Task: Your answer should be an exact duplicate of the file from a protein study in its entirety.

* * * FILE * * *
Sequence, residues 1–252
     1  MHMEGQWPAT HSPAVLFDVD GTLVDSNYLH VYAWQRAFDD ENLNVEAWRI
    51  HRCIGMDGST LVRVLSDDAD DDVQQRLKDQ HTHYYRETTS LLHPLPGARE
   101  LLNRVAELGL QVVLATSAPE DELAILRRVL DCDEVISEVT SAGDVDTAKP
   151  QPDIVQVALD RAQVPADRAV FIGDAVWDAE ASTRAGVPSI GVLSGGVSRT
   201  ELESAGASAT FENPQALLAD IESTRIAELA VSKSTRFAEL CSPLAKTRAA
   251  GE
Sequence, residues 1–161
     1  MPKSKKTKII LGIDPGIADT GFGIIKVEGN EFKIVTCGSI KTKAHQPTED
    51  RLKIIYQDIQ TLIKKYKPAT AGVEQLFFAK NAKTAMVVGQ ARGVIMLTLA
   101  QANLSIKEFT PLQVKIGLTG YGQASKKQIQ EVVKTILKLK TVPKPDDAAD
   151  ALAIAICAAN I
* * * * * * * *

Sequence, residues 1–252
     1  MHMEGQWPAT HSPAVLFDVD GTLVDSNYLH VYAWQRAFDD ENLNVEAWRI
    51  HRCIGMDGST LVRVLSDDAD DDVQQRLKDQ HTHYYRETTS LLHPLPGARE
   101  LLNRVAELGL QVVLATSAPE DELAILRRVL DCDEVISEVT SAGDVDTAKP
   151  QPDIVQVALD RAQVPADRAV FIGDAVWDAE ASTRAGVPSI GVLSGGVSRT
   201  ELESAGASAT FENPQALLAD IESTRIAELA VSKSTRFAEL CSPLAKTRAA
   251  GE
Sequence, residues 1–161
     1  MPKSKKTKII LGIDPGIADT GFGIIKVEGN EFKIVTCGSI KTKAHQPTED
    51  RLKIIYQDIQ TLIKKYKPAT AGVEQLFFAK NAKTAMVVGQ ARGVIMLTLA
   101  QANLSIKEFT PLQVKIGLTG YGQASKKQIQ EVVKTILKLK TVPKPDDAAD
   151  ALAIAICAAN I